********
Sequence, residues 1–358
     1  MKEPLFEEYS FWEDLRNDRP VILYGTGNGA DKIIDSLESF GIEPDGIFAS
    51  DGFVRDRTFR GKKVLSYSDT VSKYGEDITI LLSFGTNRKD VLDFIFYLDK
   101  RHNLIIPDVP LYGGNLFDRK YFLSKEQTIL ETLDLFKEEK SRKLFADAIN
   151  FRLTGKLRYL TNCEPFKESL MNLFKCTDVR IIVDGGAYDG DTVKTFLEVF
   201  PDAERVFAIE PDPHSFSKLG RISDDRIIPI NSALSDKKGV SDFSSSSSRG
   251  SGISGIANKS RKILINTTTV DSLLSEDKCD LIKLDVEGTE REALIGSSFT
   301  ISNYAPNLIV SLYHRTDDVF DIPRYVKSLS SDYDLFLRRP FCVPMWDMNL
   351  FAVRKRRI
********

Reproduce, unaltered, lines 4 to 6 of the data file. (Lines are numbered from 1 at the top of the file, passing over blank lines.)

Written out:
   101  RHNLIIPDVP LYGGNLFDRK YFLSKEQTIL ETLDLFKEEK SRKLFADAIN
   151  FRLTGKLRYL TNCEPFKESL MNLFKCTDVR IIVDGGAYDG DTVKTFLEVF
   201  PDAERVFAIE PDPHSFSKLG RISDDRIIPI NSALSDKKGV SDFSSSSSRG